UNITED STATES COURT OF APPEALS
United States Court of Appeals TENTH CIRCUIT
August 9, 2006
Elisabeth A. Shumaker
Clerk of Court
UNITED STATES OF AMERICA, No. 05-1517
(D.C. No. 05-CR-243-LTB)
Plaintiff-Appellee, (D. Colo.)
JOHN THOMAS CASADOS,
ORDER AND JUDGMENT*
Before MURPHY, SEYMOUR, and McCONNELL, Circuit Judges.
John Thomas Casados, Jr., a federal prisoner, appeals the district court’s
imposition of a 78-month sentence on the ground that his two prior convictions for
third-degree assault qualified him as a career offender. We affirm.1
After examining appellant’s brief and the appellate record, this panel has determined
unanimously that oral argument would not materially assist the determination of this
appeal. See Fed. R. App. P. 34(a)(2) and 10th Cir. R. 34.1(G). The case is therefore
submitted without oral argument. This order and judgment is not binding precedent,
except under the doctrines of law of the case, res judicata, or collateral estoppel. The
court generally disfavors the citation of orders and judgments; nevertheless, an order and
judgment may be cited under the terms and conditions of 10th Cir. R. 36.3.
The district court, at Mr. Casados’ sentencing hearing, stated that if it were not
sentencing him as a career offender and assigning him an offense level of 21, it would
assign him an offense level of 19 on the ground that the tennis shoes he wore when he
kicked the victim in the head constituted deadly weapons for the purposes of U.S.S.G. §§
Mr. Casados pled guilty to one count of assault resulting in serious bodily injury in
violation of 18 U.S.C. §§ 113(6) and 1152. A United States probation officer then
prepared a presentence report (PSR). Among numerous other convictions, the PSR
listed two Colorado convictions for third-degree assault in violation of COLO. REV. STAT.
§ 18-3-204. The PSR determined Mr. Casados should be sentenced as a career offender
pursuant to U.S.S.G. § 4B1.1, and recommended an offense level of 24. The PSR
further recommended a three-level reduction for acceptance of responsibility. The
offense level of 21, when coupled with a criminal history category of VI, resulted in a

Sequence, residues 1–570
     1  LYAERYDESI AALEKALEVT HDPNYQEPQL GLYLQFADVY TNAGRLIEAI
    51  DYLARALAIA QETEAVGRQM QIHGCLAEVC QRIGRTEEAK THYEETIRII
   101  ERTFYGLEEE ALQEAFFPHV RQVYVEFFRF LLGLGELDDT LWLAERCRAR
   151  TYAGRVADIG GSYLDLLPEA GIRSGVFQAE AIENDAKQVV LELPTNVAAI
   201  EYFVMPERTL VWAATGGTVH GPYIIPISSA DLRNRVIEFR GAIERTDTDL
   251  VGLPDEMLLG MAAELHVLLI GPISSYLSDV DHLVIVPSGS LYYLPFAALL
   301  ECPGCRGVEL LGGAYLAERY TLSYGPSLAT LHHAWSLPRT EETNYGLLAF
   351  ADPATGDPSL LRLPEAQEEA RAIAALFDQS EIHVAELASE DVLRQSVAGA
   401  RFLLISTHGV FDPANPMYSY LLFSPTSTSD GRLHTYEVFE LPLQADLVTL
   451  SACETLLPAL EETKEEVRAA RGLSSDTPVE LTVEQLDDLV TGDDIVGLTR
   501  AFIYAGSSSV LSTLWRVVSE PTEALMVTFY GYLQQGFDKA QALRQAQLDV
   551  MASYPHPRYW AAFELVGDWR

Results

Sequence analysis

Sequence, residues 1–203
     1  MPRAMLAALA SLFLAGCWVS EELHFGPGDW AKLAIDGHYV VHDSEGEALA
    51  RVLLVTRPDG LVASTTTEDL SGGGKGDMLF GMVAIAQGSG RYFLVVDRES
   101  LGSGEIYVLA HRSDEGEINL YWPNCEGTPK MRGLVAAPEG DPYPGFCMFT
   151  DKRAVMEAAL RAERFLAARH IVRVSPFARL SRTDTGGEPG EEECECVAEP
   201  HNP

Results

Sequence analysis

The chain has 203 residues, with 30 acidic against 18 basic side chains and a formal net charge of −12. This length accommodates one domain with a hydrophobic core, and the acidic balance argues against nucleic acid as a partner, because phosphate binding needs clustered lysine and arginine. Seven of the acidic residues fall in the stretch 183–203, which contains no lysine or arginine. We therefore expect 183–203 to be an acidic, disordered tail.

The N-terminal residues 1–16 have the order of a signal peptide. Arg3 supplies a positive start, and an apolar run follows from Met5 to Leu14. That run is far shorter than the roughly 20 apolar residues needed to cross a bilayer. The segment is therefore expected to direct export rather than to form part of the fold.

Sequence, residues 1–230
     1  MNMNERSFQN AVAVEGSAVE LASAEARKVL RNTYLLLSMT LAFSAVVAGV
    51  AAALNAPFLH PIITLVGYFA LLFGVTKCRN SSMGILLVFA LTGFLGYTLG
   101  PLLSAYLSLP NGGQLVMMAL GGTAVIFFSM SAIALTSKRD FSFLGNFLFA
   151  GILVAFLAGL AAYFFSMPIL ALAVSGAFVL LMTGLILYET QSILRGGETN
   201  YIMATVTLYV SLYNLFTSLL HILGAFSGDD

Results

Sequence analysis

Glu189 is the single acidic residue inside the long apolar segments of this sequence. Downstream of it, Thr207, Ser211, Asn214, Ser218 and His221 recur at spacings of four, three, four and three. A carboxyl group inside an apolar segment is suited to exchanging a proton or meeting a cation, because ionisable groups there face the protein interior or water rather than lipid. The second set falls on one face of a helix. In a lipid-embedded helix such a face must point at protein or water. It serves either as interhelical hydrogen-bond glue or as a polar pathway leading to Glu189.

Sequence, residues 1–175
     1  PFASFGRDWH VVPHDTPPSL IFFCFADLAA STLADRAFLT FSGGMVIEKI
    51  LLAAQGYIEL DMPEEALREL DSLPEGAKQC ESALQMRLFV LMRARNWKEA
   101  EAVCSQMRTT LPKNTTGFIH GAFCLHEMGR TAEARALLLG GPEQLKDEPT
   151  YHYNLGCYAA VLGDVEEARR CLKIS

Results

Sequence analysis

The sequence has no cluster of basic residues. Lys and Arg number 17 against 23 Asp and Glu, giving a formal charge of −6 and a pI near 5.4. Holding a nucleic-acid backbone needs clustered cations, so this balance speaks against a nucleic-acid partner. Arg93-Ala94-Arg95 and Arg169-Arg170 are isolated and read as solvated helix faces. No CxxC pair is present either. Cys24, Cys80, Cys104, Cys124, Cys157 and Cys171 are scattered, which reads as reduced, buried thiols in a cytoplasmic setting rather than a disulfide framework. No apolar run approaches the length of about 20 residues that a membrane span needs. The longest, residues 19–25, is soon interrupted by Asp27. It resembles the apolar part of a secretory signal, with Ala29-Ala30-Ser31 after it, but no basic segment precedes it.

sentencing range of 77 to 96 months.
Mr. Casados objected to the PSR’s career offender recommendation. The district
court concluded the two Colorado convictions for third-degree assault constituted
convictions for crimes of violence under this court’s opinion in United States v. Paxton,
422 F.3d 1203 (10th Cir. 2005), cert. denied, 126 S. Ct. 1403 (Feb. 21, 2006). The court
then sentenced Mr. Casados as a career offender to 78 months imprisonment. On appeal,
Mr. Casados argues his state convictions should not be considered crimes of violence for
purposes of the career offender guideline and asks us to reconsider our holding in Paxton.
Section 4B1.1(a) states that a defendant
is a career offender if (1) the defendant was at least
eighteen years old at the time the defendant committed
the instant offense of conviction; (2) the instant
offense of conviction is a felony that is either a crime
of violence or a controlled substance offense; and (3)
the defendant has at least two prior felony convictions
of either a crime of violence or a controlled substance
U.S.S.G. § 4B1.1(a). Moreover, § 4B1.2 defines a “crime of violence” as
2A2.2 and 1B1.1. App. vol. II at 22-23. Because we conclude the court correctly
assigned him the status of a career offender, we agree with Mr. Casados that we need not
decide whether Mr. Casados’ tennis shoes constituted deadly weapons.
any offense under federal or state law, punishable by
imprisonment for a term exceeding one year, that – (1)
has as an element the use, attempted use, or threatened
use of physical force against the person or another, or
(2) is burglary of a dwelling, arson, or extortion,
involves use of explosives, or otherwise involves
conduct that presents a serious potential risk of
physical injury to another.
U.S.S.G. § 4B1.2. On appeal, Mr. Casados argues his state convictions should not be
considered crimes of violence for purposes of the career offender guideline.
In Paxton, we held that “a conviction under Colo. Rev. Stat. § 18-3-204 for
third-degree assault is a crime of violence under U.S.S.G. § 4B1.2(a)(2) because the
conduct necessary to sustain the conviction presents a serious potential risk of physical
injury to another.” 422 F.3d at 1207. One panel of this court can not overrule another
panel. See United States v. Brown, 400 F.3d 1242, 1256 (10th Cir. 2005). Accordingly,
we conclude the district court did not err in finding Mr. Casados’ prior convictions were
for crimes of violence and sentencing him as a career offender.
ENTERED FOR THE COURT
Stephanie K. Seymour